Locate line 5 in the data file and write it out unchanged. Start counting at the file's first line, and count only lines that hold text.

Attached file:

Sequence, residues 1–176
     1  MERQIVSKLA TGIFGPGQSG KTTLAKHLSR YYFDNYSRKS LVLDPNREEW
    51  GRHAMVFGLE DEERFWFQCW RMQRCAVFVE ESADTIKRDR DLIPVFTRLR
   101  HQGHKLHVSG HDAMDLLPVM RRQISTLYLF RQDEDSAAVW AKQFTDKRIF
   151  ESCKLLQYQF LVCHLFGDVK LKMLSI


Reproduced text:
   151  ESCKLLQYQF LVCHLFGDVK LKMLSI